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Rhea’s research part of historic Lancet issue

Gold Coast Health breast surgeon Dr Rhea Liang has become a part of history this month by having her research study published in The Lancet’s first edition devoted to women.

The esteemed medical journal’s February edition will include Rhea’s study on why women leave surgical training.

Rhea’s research started in 2015, reflecting on why surgery was a male-dominated profession. Today, women make up just 11 per cent of consultant surgeons.

Rhea said through her 16 years in the profession, 5 in training and 11 as a surgeon, she was disappointed to see her female counterparts leaving the profession.

“We know that women leave advanced surgical training at twice the rate of their male counterparts. I wanted to hear women’s stories; I wanted to know what we can do as an industry to improve gender equality and diversity across the board.

“We also know from research that improving culture and diversity for surgeons leads to better professional behaviours, more empathy for our patients and in turn improves patient outcomes,” she said.

The study involved Rhea’s research team interviewing 12 female participants, all of whom had embarked on advanced surgical training (some for up to 10 years) before making the decision to leave speciality training.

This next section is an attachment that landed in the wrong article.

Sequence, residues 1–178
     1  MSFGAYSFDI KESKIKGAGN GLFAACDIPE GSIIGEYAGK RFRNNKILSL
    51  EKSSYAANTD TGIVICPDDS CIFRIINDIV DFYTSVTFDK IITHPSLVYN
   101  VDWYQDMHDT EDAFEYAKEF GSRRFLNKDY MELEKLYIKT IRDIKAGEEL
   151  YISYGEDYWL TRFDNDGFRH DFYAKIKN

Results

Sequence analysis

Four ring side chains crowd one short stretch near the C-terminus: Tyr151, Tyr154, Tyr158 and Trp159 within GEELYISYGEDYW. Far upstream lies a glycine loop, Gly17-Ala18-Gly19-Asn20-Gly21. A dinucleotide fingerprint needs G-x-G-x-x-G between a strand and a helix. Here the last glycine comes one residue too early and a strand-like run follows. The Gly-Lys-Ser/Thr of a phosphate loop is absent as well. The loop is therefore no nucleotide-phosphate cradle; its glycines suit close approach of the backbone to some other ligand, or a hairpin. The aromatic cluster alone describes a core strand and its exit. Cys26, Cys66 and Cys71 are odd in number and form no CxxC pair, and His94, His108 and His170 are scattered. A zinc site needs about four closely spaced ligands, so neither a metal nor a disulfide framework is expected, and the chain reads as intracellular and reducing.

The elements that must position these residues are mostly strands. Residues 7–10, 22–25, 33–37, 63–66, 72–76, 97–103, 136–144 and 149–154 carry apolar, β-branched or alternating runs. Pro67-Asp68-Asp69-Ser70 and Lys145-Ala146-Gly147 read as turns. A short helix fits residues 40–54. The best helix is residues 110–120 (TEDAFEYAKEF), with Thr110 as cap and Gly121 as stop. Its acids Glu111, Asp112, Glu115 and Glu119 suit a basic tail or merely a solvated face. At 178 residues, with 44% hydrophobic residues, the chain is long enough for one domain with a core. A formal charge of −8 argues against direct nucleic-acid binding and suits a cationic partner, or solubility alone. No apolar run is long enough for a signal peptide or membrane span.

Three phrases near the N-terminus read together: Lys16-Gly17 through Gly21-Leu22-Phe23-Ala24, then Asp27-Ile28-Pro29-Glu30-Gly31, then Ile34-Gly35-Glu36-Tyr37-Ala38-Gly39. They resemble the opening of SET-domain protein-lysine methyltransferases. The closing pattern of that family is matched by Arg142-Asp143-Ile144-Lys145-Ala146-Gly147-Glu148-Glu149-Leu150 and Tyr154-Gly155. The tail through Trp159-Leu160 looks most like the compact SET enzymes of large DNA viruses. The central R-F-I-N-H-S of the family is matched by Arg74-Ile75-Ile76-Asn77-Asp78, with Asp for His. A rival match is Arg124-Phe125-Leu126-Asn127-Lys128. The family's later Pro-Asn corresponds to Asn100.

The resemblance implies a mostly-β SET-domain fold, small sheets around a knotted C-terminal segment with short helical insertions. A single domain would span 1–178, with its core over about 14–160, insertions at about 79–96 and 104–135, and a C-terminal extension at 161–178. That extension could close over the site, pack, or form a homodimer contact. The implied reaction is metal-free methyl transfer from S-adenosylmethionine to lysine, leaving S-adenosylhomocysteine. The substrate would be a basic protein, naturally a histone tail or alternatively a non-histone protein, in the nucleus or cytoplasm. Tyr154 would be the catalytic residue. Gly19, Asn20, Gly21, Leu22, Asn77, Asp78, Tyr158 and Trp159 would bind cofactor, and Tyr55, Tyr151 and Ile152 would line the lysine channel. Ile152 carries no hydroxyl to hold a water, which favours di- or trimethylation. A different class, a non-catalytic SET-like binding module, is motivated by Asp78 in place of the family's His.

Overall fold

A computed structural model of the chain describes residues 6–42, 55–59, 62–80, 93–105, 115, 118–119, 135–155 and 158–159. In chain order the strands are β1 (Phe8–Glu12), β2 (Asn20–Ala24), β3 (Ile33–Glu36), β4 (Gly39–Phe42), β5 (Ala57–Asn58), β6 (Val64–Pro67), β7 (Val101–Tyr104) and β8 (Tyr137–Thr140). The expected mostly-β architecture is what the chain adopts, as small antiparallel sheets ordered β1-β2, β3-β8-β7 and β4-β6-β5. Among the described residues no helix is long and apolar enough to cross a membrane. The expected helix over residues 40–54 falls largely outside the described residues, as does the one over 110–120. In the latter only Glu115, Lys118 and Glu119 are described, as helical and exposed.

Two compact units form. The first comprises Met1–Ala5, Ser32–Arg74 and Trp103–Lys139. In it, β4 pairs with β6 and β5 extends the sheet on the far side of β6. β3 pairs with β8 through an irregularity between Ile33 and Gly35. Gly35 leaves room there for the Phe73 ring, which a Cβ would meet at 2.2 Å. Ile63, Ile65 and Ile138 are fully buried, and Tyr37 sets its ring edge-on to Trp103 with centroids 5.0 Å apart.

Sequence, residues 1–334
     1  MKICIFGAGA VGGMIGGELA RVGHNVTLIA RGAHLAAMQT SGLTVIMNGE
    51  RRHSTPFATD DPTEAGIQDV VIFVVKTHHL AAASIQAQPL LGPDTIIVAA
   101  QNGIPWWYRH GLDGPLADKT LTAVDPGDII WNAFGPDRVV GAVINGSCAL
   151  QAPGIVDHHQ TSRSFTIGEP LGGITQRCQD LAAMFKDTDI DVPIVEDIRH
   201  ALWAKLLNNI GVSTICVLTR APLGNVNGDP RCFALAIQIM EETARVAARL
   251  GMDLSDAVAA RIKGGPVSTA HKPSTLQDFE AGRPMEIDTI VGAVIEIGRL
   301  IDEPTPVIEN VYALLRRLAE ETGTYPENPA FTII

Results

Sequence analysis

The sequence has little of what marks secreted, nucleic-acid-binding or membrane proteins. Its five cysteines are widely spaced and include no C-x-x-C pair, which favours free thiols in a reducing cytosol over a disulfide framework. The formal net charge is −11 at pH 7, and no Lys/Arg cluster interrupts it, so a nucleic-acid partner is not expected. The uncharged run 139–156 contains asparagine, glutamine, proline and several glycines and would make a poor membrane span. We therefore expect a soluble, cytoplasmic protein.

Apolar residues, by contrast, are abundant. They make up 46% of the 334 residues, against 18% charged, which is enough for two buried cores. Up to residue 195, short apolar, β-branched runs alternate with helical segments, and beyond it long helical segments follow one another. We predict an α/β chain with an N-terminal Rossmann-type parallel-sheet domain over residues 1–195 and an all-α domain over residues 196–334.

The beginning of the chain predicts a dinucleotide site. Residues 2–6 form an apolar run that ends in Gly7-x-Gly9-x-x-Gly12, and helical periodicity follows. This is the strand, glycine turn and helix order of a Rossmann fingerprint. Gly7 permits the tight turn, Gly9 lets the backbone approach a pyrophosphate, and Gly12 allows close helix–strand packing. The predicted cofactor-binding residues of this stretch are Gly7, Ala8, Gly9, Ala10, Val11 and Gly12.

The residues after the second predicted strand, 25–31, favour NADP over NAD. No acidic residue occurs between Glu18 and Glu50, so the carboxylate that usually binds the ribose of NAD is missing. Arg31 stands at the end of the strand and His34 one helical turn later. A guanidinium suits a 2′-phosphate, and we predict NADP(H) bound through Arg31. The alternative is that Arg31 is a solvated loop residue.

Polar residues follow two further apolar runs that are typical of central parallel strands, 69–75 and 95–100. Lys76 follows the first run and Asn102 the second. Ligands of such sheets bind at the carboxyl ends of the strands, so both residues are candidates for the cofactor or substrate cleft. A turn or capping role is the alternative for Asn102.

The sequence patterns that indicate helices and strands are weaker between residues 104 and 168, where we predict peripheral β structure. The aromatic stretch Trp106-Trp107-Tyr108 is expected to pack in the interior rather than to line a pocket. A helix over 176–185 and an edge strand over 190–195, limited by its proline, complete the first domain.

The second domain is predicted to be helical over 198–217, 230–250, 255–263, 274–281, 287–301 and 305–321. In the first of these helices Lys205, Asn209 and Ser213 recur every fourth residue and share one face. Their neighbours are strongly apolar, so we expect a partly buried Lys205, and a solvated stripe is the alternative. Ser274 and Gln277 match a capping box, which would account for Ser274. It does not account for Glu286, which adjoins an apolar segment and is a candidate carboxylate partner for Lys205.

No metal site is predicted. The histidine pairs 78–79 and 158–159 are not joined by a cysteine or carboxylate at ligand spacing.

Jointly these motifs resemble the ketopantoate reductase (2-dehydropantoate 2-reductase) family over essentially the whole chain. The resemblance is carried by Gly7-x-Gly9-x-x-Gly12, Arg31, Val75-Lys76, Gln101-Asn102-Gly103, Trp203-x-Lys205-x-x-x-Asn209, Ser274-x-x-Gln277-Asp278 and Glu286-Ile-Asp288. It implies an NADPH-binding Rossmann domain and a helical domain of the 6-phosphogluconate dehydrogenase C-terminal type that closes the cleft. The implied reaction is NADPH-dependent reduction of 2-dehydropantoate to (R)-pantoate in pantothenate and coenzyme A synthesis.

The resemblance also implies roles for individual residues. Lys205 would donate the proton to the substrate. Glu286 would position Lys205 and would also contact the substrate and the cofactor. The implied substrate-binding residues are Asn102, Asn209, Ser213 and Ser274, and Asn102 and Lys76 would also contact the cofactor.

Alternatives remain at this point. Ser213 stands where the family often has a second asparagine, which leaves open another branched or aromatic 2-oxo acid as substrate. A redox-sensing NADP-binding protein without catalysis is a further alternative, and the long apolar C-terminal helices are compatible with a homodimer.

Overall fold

Rhea’s ongoing research and advocacy for women in surgery has earned her an Education Scholarship with the distinguished American College of Surgeons (ACS).

As part of the scholarship, Rhea attended a two-month educational visit to the United States, starting with the ACS Clinical Congress in Boston, followed by a tour of six universities across the US. This year’s Congress had a focus on how surgeons can educate to foster diversity and inclusion, gender progress and good professionalism behaviours.

Rhea is the first Australasian recipient of the prestigious ACS award. She said it was encouraging to find that Australasian research in these areas was seen as innovative and progressive.

“Continuing the bilateral exchange of ideas between Australasia and the USA is of mutual benefit, as there are more similarities than differences in the problems faced when trying to change workplace cultures,” she said.

As well as being a specialist surgeon with Gold Coast Health, Rhea holds a Bachelor of Education and a Masters in Surgical Education, and develops and facilitates education programs for surgeons across Australia and New Zealand on behalf of the Royal Australian College of Surgeons.

Read Rhea’s full published article in The Lancet Women’s Issue.


Last updated 08 Feb 2019